In a statement reacting to the decision, Kamenar told ABC News on Monday, "Judge Friedrich did not reach the issue only presented in our case, namely, that Mueller even if he is an inferior officer, should have been appointed by Attorney General Jeff Sessions instead of Rod Rosenstein as a so-called Acting AG. That issue is part of our appeal."
Miller’s objections will be the first taken up on appeal.
The National Legal and Policy Center is a non-profit 501(c)(3) foundation with a deep history of mounting legal challenges against left-leaning organizations and Democratic politicians. In 1993, the group successfully sued to open the meetings and records of Hillary Clinton's health care task force.
On its website, the group touts its role in investigations that led to allegations of wrongdoing against a series of Democratic politicians. Among them were ethics charges against former Rep. Charles Rangel, D-NY, who was censured in 2010 for ethics violations, and Sen. Robert Menendez, D-NY, who was indicted in 2015 on corruption charges but acquitted earlier this year.
More recently, the group targeted Rep. Maxine Waters, D-Calif., filing a complaint July 26 with the Federal Election Committee alleging she violated election laws for some of her mailings. Waters' office has not yet responded to a request for comment from ABC News.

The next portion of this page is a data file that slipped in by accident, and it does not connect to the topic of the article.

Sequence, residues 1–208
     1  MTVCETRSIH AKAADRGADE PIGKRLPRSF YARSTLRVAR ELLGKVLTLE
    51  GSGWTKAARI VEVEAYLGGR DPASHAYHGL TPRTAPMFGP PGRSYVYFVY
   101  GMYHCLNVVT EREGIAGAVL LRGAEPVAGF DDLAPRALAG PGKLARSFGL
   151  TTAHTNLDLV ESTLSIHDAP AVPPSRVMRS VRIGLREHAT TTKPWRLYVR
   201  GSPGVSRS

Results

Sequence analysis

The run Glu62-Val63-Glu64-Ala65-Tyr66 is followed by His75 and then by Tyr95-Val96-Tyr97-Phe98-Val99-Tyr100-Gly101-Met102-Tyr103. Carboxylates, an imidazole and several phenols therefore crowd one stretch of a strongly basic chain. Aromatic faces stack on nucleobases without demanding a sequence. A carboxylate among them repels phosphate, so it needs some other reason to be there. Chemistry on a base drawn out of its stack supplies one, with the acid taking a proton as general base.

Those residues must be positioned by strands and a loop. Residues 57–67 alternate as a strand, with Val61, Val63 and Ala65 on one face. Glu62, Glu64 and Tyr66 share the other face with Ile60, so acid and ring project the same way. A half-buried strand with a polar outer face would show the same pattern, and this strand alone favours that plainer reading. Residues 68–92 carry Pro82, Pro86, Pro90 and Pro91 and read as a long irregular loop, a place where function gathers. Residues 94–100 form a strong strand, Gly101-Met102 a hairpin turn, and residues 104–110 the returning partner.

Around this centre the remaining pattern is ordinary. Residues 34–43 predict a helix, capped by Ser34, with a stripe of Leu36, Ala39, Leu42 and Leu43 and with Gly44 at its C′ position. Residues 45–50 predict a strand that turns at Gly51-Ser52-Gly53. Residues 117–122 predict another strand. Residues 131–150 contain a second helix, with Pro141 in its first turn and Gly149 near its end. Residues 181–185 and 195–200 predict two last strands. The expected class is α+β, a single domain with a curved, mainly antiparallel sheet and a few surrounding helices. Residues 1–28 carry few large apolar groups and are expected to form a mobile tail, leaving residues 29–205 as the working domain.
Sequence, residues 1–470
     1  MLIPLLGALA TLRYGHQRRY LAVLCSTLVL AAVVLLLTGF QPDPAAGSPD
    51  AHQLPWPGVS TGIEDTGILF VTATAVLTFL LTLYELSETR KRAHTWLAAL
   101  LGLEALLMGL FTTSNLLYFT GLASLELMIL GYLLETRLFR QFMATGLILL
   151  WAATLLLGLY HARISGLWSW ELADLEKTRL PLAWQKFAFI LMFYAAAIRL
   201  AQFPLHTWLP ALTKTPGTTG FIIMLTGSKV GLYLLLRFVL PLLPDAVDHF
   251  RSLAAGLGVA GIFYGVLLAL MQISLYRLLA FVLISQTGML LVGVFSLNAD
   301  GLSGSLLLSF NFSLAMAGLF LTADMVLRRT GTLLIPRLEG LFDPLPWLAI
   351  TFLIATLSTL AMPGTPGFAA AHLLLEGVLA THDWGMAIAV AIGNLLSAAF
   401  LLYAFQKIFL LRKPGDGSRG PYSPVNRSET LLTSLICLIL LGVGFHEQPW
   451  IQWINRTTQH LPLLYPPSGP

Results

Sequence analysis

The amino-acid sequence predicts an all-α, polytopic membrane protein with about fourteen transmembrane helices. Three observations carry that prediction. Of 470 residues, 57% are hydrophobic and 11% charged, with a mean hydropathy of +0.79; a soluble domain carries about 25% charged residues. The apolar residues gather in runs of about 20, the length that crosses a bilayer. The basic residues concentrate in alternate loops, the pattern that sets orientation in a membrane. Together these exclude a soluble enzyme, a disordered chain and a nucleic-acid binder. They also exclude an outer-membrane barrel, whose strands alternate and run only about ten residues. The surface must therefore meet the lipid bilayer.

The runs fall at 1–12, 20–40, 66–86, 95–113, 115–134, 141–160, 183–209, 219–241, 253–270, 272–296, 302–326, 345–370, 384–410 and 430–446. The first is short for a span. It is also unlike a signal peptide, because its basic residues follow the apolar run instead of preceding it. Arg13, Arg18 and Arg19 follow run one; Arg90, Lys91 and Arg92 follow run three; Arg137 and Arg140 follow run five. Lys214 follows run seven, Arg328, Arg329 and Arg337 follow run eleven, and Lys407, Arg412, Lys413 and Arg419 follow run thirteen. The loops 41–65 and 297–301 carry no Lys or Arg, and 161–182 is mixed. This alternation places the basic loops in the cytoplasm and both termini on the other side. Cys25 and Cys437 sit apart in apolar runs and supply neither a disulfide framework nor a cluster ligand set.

The group has received sizeable donations from well-heeled conservative foundations, including the Ed Uihlein Family Foundation, run by Right-wing mega-donor Richard Uihlein.
Uihlein was a major donor to pro-Trump GOP Senate primary challengers in the 2018 midterm elections. An Illinois shipping-supplies magnate who avoids the limelight, he "has risen to become one of the most powerful — and disruptive — GOP donors in the country," the Washington Post wrote in April.
Another prominent conservative NLPC donor, the Sarah Scaife Foundation, has deep ties to the Trump administration.
The most recent available charity tax filings show the Uihlein foundation gave NLPC $50,000 annually between 2010 and 2016, and the Scaife foundation gave the group $100,000 a year between 2010 and 2014, raising their donation to $125,000 in 2015. Flaherty told ABC News that both foundations are continuing supporters of NLPC. Neither organization responded to ABC News' request for comment.
The group first became interested in challenging the Mueller probe in May, when Flaherty says he saw an op-ed arguing that Mueller was not constitutionally appointed.